Music Moves Europe

EU initiative for dialogue with the music sector


Music Moves Europe (MME) is the overarching framework for the European Commission's initiatives and actions in support of the European music sector.

Beyond the possibility to support platforms, networks and cooperation projects through the Creative Europe programme (2014-2020), the Commission, as a result of a dialogue with key music stakeholders to identify the main challenges facing the sector, is now implementing a Preparatory Action to develop and test different initiatives tailor-made to the specific needs of the music ecosystem.


Music is one of the most popular forms of art, widely consumed, and a vibrant expression of Europe's cultural diversity. It also contributes significantly to Europe's economy. The music sector generates revenues of over €25 billion per year and employs more people than the film industry.

Technological change has brought about radical shifts in the music field and the music industry is busy exploring new business opportunities. Digitization and the online distribution have altered revenue streams, reshaped business models and led to new consumption patterns. This created new challenges both within the sector and for consumers.

While music is being consumed more than ever, artists and producers claim that they do not receive fair remuneration for the online exploitation of their work. European content, especially from smaller countries, struggles for visibility on big streaming platforms compared to that of American and British artists.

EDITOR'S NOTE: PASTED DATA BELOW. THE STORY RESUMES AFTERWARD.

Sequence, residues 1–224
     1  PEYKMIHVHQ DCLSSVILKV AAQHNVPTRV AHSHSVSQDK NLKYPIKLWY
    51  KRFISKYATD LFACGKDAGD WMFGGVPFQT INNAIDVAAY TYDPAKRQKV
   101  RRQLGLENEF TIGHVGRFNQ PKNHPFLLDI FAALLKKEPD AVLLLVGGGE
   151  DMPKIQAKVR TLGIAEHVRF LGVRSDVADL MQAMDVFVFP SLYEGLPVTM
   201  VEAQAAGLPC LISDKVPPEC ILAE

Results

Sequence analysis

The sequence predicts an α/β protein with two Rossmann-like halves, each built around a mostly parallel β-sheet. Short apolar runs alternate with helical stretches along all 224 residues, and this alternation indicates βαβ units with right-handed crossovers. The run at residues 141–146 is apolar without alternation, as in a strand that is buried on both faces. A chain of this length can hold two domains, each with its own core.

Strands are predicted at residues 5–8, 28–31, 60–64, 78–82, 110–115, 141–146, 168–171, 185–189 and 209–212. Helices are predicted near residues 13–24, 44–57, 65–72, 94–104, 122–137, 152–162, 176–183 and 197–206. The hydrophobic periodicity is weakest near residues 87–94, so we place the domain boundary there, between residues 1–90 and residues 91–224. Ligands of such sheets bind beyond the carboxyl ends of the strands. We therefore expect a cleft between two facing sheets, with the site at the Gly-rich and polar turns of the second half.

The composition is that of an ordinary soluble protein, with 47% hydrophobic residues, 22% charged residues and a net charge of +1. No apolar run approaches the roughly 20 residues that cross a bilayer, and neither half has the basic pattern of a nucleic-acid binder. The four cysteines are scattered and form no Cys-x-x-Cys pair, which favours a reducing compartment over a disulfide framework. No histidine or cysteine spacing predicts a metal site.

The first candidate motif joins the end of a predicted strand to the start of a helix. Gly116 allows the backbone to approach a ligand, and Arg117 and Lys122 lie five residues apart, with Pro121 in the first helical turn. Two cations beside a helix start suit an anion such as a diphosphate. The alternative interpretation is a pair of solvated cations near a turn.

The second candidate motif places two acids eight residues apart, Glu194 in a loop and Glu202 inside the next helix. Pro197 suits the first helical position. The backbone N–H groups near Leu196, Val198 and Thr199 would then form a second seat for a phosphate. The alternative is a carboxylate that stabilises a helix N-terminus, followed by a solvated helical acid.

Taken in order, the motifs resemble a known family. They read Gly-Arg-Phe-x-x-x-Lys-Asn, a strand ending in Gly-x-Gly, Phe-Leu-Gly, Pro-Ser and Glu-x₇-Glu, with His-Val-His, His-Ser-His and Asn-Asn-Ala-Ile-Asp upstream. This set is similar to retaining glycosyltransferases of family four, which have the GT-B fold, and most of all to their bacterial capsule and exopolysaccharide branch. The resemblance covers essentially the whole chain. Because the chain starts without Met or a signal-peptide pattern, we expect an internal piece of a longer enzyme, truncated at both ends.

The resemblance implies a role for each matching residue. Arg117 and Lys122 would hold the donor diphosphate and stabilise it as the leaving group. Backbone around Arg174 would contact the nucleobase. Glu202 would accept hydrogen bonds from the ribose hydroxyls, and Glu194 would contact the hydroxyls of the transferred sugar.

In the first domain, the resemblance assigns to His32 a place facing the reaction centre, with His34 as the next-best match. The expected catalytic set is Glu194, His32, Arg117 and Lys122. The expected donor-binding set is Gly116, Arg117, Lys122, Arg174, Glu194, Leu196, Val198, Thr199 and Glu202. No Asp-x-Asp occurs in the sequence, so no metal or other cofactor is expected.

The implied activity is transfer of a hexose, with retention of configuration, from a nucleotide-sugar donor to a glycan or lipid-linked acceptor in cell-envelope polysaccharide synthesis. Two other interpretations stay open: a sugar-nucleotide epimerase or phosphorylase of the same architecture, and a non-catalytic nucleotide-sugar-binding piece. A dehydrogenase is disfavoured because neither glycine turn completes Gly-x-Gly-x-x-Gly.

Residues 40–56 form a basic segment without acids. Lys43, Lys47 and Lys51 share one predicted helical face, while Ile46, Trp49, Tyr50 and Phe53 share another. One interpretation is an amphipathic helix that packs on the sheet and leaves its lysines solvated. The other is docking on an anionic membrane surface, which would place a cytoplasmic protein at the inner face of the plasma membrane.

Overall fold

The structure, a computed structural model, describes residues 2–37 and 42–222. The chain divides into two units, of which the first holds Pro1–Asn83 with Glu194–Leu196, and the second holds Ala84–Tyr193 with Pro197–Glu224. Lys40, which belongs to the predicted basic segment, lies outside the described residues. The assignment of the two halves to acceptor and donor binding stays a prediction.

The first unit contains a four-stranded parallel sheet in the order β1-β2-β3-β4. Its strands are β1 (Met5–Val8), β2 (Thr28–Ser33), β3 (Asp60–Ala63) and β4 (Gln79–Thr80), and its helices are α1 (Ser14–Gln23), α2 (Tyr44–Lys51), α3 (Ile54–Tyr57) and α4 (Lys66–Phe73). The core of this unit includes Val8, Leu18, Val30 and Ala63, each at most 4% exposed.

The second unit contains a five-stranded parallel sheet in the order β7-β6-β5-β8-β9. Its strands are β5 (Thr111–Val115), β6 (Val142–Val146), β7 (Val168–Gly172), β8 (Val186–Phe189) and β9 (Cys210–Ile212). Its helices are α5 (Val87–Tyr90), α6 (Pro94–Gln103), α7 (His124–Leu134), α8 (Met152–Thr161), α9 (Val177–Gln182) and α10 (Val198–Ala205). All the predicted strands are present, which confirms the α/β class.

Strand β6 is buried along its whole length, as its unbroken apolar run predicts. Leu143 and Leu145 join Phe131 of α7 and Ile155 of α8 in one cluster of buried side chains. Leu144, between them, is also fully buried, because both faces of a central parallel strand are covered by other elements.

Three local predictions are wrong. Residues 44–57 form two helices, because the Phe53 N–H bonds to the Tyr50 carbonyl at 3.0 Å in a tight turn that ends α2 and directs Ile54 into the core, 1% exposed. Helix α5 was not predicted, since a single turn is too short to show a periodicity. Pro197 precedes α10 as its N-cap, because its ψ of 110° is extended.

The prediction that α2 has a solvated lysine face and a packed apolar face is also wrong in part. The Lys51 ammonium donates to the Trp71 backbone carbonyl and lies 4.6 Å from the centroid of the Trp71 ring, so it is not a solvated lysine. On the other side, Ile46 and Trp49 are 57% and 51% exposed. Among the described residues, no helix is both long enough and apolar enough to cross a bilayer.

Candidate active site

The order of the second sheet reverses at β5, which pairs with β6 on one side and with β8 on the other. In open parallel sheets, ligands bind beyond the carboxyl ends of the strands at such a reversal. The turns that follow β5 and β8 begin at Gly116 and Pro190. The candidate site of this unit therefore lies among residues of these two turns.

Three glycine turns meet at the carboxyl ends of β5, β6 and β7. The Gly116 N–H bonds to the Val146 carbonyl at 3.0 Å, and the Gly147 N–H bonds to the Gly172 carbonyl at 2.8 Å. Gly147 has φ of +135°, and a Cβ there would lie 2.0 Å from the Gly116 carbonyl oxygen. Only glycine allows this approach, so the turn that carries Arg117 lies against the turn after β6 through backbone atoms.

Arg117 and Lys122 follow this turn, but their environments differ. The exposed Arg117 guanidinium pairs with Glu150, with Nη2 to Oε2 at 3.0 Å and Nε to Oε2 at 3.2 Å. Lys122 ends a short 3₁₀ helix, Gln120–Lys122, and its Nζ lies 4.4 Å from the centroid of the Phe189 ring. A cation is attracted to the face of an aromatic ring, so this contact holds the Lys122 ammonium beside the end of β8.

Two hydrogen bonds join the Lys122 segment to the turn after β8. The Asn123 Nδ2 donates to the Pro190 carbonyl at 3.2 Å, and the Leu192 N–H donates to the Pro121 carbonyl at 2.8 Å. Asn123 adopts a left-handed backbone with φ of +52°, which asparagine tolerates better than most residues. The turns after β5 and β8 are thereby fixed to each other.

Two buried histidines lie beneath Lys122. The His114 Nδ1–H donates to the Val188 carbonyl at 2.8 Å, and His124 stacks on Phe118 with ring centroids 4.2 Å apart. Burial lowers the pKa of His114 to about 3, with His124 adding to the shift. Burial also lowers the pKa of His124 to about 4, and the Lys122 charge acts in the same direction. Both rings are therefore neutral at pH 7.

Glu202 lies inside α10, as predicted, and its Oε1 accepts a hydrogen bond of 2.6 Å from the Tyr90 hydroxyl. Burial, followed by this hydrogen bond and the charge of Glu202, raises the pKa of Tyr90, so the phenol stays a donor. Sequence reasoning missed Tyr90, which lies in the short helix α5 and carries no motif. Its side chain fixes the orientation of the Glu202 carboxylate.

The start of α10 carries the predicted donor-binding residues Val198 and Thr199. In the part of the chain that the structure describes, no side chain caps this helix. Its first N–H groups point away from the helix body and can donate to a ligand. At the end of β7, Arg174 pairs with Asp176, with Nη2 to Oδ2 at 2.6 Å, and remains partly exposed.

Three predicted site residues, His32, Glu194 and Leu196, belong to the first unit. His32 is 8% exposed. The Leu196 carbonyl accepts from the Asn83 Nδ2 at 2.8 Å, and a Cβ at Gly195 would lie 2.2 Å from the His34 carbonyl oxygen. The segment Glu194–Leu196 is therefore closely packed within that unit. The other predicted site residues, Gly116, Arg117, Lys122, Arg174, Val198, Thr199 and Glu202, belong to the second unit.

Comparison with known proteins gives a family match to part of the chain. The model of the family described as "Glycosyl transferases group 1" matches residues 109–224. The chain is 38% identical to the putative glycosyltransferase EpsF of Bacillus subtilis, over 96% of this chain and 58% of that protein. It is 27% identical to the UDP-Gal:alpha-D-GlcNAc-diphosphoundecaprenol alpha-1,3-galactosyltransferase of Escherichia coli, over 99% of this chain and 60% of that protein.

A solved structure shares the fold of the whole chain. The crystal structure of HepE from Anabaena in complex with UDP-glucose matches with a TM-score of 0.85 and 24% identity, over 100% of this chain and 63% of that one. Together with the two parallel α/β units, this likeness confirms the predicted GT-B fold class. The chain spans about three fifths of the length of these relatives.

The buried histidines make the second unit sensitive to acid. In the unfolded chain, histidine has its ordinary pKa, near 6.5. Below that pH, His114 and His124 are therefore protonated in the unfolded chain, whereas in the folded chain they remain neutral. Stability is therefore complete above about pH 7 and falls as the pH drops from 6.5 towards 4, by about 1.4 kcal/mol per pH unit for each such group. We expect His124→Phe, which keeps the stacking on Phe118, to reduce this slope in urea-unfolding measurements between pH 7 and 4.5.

Music Moves Europe aims to help the music sector flourish, to adapt to new challenges and to reap the benefits of digitization. Through MME the Commission wants to build on and strengthen further the sector's strong assets: creativity, diversity and competitiveness.

Its specific objectives are to:

  • promote creativity and innovation
  • safeguard and expand the diversity of European music
  • help the sector adapt to and benefit from digitization.

The Commission will also strengthen the dialogue with the sector so as to explore further the developing needs and identify possible fields of EU action (policy action and targeted funding for music post-2020) with a clear added value.



In order to better understand the specific challenges and development needs of the music sector, the Commission started a dialogue with the representatives of the sector in late 2015 to identify the main challenges facing the sector. The outcomes of this dialogue was summarised in the AB Music Working Group report in 2016. The report revealed the need to support music creation, promote musical diversity and to explore the opportunities offered by music online and offline distribution more effectively. Radical shift in business model due to digitalisation, the prevalence of national frameworks for business operation which hinders international circulation of artists and repertoires, and the difficulties to get access to music at its true European diversity were identified as the key challenges for the sector.

In 2017, the Commission was present at MIDEM 2017, the international music fair in Cannes, France. Activities, which took place in the Music Moves Europe pavilion, included panel discussions on issues such as EU funding for music, the importance of live music and the promotion of Europe's music diversity online.